Christy Gillmore

Christy Gillmore (Hakijamii the Economics and Social Rights Centre): Christy received her BA in Anthropology and Economics in 2006 from the University of Virginia. Upon graduating, she joined the Peace Corps in Mali, West Africa, where she worked to empower women in a rural community. After returning from the Peace Corps, Christy worked in refugee resettlement as a health care coordinator and caseworker. At the time of her fellowship she was pursuing her MA in International Development and Social Change from Clark University in Worcester, Massachusetts. After her fellowship, Christy wrote: “I had never lived in a big city in my life, and this experience opened my eyes to the immense inequalities that are growing due to globalization and rural-urban migration. I feel that I gained invaluable skills and confidence. I feel like I have gained writing and editing skills. I know that I want to focus on human rights now that I have experience of working in the field."

A Living Saint

28 Jul

It takes incredible passion and commitment to human rights and social justice to do the kind of work that Hakijamii does. Nearly every day the staff is in the office before I arrive and stays after I leave. Each member deserves a separate blog entry, but for length’s sake I will highlight one of them here. Louis has written about Odindo Opiata, Hakijamii’s director, in his latest blog entry.

I have been lucky enough to spend much of my time here with Marcy Kadenyeka, the Community Officer at Hakijamii. She is one of the hardest working people I’ve ever met. Though she is constantly busy acting as a liaison between Hakijamii and its community partners, often staying late into the night to finish her work, she never turns me down if I ask her for help (which is very, very often). She has truly acted as a mentor to Louis and me.

Marcy Kadenyeka asking questions to government officials at Education Accountability meeting in Starehe district. See Louis Rezac's blog post, "Free Primary Education" for more info about this meeting.

Originally from the Western part of Kenya, Marcy moved to Kibera, Nairobi in 1989. Since her arrival in Nairobi, she has been a leader in mobilizing marginalized communities, mainly from the people’s settlements (slums) of Nairobi. Having witnessed atrocities and substandard conditions in the settlements, including 6 people killed during tribal and political clashes in 2001, she wishes to be an agent for change in progressing toward a more equal world. A victim of domestic violence herself, she has provided assistance to countless women including the implementation of a support group for rape victims following the 2007 post-election violence. Despite only completing a primary education, she speaks 7 languages and is one of the fastest learners I’ve ever met.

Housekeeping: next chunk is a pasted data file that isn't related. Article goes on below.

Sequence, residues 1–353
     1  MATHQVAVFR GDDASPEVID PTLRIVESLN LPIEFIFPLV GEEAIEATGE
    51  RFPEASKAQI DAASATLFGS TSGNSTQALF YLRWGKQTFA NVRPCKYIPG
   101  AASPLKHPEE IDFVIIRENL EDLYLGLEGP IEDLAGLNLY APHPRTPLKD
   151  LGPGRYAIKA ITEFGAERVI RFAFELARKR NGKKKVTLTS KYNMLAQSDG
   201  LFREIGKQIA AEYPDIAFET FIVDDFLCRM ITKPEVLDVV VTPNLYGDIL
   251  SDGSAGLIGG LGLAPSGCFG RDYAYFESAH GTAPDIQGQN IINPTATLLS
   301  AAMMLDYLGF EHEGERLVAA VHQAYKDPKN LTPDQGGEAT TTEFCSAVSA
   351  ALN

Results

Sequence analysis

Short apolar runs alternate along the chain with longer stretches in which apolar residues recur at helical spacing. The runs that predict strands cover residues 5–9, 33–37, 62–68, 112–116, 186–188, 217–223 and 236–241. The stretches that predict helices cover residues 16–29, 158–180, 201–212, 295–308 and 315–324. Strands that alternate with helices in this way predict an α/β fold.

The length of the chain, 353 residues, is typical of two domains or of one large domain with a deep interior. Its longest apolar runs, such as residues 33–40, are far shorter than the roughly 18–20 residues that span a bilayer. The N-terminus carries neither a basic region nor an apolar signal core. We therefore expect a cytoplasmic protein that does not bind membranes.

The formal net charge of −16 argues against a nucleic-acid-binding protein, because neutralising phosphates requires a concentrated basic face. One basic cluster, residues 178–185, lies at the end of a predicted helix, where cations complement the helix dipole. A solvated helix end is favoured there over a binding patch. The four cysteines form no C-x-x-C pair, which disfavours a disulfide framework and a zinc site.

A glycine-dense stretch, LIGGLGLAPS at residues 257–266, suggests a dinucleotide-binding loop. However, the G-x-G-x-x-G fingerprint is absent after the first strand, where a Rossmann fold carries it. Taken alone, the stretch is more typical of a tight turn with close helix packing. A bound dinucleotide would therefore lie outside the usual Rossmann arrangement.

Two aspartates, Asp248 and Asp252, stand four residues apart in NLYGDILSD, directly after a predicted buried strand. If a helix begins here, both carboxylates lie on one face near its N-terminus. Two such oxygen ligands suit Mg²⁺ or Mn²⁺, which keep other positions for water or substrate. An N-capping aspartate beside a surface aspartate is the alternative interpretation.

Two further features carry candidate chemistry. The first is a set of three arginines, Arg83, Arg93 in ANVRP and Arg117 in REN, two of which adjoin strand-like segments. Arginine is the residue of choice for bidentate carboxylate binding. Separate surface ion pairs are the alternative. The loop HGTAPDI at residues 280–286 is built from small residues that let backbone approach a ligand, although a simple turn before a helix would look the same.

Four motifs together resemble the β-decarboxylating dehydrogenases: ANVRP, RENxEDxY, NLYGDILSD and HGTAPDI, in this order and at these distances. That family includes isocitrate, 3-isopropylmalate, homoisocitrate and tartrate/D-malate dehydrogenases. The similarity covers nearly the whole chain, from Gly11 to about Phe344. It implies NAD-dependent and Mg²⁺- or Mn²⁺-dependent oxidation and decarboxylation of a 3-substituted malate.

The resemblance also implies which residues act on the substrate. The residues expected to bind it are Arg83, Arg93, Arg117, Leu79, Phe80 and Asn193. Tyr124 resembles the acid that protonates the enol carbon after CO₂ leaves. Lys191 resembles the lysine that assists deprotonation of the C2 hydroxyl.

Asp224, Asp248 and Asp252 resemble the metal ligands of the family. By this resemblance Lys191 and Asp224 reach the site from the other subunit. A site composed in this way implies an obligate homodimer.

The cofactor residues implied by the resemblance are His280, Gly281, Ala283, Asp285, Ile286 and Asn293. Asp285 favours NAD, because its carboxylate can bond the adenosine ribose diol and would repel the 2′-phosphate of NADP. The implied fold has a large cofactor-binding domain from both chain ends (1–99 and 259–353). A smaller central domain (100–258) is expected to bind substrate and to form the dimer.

She was elected as the chairperson for Nairobi People’s Settlement Network (a community partner of Hakijamii) when the organization was founded in 2005. Beating out candidates with university degrees, Marcy was hired at Hakijamii in 2009, an accomplishment she attributes to her spirit and experience with communities. At Hakijamii, Marcy feels that she is working toward her vision of a world where men, women, youth, and children can join together to access justice.

Marcy is the type of person that sees the best in everyone and brings out the best in everyone. If you go to lunch with her, she will insist on buying it despite having 5 children to provide for by herself. Often she surprises her co-workers with goodies like roasted corn and chocolate she bought from a street vendor. Many times I have heard her say, “[so and so] is a living saint,” to describe various people she knows. Indeed, I think anyone who knows her would agree that she, in fact, is the living saint.

Marcy and her two youngest daughters, Laura and Christine. Marcy and her family have lived in this house for 20 years.

Marcy’s personality and passion cannot be captured in words; meet her in this short video interview. Here she discusses the difficulties she has faced living in the slums, what problems are still going on, and what hopes she has for the future.


Posted By Christy Gillmore

Posted Jul 28th, 2010


  • Rick

    July 28, 2010


    Wow – what a neat lady. If someone in Marcy’s circumstance can provide so much inspiration and positive energy to those around her, what excuse do the rest of us have?

    Thanks for sharing her story with us, Christy.

  • Mary Virginia

    August 2, 2010


    Thank you for the video interview. It was wonderful getting to hear her story from her own voice, as well as yours.

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